'I thought I could get through to my child by beating her up'

General , Being a father

A recent Fathers Matter workshop that took place in Alexandra came as a great relief for dads who experience many challenges when raising their children. 

Alexandra is one of the most populated informal settlements in Johannesburg. Residents face issues of unemployment, poor sanitation and crowded living spaces.  

Mandisi Johanse says raising a 15-year-old daughter in the township forced him to be very strict, which not only affected his relationship with her but caused him great emotional distress.

“My relationship with my daughter was very good when she was a child, but when she entered teenagehood she started dating, she was too young and I tried to speak to her about pregnancy and contracting HIV,” he says.

“But as a teenager she is constantly being affected by peer pressure and the only way I thought I could get through to her was to beat her up.” 

He admits that he laid hands on her on a few occasions because he thought that was the best form of discipline. 

“I was very frustrated, I did not enjoy it and it pushed us apart. I also noticed that it did not change her behavior, so I just gave up.” 

He says he attended the Fathers Matter workshop because he was looking for new ways to be a father and was in desperate need of tools to help him on his journey. 

“The experience shed light on what other fathers were experiencing and made me feel less alone on my journey. What I appreciate the most is that I learnt that it is important not to give up and that showing love and affection is a better way to father than to resort to violent means of discipline,” he says. 

Understanding the influence of their own fathers

Lizwi Johanse, who attended the workshop with his cousin, said one of the challenges men face in his community is that they have been heavily influenced by their own relationships with their fathers, which has created a parenting style that is not effective today. 

“If a man’s father beat him up, that’s how he will raise his children. In the past the responsibility of raising a child was seen solely as a woman’s responsibility and being emotionally or physically absent was the norm. But today if a man is not active or present he is considered to be a failure,” he says. 

Lizwi, who is expecting his first child in a few months, says he will also be modelling his parenting style on his dad, who taught him love and responsibility. 

“When my mother died she left six children behind to be raised by our father and he became very involved. Despite family members putting pressure on him to find a new wife to raise us, he made a firm decision to be a single dad because he knew how he wanted to raise us,” he says.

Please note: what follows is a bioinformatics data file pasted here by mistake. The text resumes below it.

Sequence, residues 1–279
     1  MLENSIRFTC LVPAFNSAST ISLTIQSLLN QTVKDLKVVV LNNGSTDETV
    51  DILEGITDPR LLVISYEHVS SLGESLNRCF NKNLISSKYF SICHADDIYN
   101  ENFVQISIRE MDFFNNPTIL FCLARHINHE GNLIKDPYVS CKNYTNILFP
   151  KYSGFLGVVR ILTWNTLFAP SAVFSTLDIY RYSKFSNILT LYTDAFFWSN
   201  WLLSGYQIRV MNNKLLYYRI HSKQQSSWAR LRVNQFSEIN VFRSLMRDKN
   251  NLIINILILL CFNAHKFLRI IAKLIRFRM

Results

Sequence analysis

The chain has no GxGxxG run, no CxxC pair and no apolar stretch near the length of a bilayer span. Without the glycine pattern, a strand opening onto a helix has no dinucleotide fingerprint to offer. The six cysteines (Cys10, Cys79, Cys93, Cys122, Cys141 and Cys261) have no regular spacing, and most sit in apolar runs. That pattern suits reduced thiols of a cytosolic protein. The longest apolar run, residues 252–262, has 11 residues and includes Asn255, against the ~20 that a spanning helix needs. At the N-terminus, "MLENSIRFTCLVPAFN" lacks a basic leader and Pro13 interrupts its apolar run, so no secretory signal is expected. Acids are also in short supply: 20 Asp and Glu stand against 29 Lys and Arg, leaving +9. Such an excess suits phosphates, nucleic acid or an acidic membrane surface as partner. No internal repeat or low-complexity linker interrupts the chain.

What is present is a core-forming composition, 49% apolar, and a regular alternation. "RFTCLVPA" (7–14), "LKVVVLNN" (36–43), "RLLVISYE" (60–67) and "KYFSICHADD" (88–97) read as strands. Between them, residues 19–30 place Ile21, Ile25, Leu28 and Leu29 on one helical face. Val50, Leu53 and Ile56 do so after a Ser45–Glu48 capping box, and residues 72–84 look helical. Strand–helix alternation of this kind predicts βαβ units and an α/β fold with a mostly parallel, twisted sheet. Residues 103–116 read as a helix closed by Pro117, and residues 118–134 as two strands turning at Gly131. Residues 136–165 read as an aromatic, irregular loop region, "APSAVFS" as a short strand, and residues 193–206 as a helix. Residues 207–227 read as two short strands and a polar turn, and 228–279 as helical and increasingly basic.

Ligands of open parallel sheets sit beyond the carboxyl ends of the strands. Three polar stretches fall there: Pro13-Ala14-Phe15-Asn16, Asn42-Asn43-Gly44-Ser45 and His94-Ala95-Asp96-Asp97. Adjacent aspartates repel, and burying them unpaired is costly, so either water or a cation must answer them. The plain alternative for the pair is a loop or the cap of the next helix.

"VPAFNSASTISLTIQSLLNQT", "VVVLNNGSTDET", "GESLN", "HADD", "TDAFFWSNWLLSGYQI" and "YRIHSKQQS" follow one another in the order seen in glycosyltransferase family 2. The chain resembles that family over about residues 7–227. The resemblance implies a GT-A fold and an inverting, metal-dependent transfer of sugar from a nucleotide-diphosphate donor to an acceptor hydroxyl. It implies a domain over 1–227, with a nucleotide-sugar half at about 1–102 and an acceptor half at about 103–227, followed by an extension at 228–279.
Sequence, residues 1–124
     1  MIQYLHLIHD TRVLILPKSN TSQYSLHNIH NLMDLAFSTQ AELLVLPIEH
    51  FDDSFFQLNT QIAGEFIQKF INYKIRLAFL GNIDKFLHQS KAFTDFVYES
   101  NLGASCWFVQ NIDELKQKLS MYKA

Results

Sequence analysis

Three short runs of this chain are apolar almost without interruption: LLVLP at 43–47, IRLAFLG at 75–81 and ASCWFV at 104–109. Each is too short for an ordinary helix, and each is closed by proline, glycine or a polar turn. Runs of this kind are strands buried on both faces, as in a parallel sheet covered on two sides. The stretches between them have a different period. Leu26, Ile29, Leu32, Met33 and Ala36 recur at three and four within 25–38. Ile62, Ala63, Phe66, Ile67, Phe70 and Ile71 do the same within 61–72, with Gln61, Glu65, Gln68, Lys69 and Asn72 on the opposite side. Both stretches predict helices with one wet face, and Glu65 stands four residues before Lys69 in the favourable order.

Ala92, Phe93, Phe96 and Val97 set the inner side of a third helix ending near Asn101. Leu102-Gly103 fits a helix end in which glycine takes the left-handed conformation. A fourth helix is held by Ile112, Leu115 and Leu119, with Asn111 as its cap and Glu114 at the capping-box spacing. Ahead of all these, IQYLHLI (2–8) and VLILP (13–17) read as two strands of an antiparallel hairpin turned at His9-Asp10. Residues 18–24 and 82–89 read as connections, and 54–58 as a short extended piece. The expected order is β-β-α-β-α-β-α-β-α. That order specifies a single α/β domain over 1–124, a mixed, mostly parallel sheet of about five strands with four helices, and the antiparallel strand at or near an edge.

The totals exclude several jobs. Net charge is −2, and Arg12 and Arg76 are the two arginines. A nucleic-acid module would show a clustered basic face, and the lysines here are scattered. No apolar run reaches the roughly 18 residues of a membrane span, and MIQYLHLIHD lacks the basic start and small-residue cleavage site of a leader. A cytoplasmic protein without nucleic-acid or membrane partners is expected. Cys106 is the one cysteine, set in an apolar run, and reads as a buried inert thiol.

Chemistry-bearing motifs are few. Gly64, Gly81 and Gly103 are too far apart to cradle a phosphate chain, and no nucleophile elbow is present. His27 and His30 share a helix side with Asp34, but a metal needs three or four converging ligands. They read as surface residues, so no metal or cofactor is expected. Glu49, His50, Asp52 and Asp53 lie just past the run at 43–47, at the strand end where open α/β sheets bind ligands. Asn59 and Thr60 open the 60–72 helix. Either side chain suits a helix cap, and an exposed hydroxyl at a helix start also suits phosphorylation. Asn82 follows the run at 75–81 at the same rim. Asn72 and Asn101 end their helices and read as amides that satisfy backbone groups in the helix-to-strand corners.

“In the Eastern Cape he was a successful businessman and after my mother died, he lost his businesses and moved to Johannesburg to work as a taxi driver to provide for us. After we all completed school and others started working, he moved back to Eastern Cape to retire.” 

Lizwi says there is a lot of excitement in his home as he and his wife anticipate the birth of their first child. He’s looking forward to raising his child with the same love and care he received from his own father.

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Becoming an involved father

Dumisani Bafo, who arrived at the workshop a few minutes late, says he was delayed by his 8-month-old baby who slept in his arms while fathers connected throughout the workshop. 

“It’s my responsibility to look after him when his mother is at work on weekends. I have to feed him, change his nappies and bathe him – it’s a lot of work,” he says. 

When he heard about the workshop, he did not want to miss it. 

“I was absent when I had my first son because I was attending school. He is now 12 years old and lives with his grandmother in the Eastern Cape. Now that he’s going to be a teenager, I really want him to come live with me in Johannesburg because it’s an important period in his life and I have to help him through it,” he says. 

“I want to be present for him and his new brother and coming here was an opportunity to learn about how to be a more involved father.” 

Dumisani says the workshop helped him understand his own father, who was emotionally absent. 

“He moved to Johannesburg from the Eastern Cape to find work and I used to visit him. I was terrified of him because he was strict. There was no emotional connection between us and that affected me greatly. I came to realise that me being absent from my first child was a big mistake, and I don’t want to repeat it. I want to do things differently this time around,” he says. 

Heartlines is committed to assisting fathers in Alex – and throughout Mzansi – by connecting them to resources to help them on their journey. 

Download Heartlines’ free Fathers Matter Connect Group resources here to start your own support network for dads in your community. 


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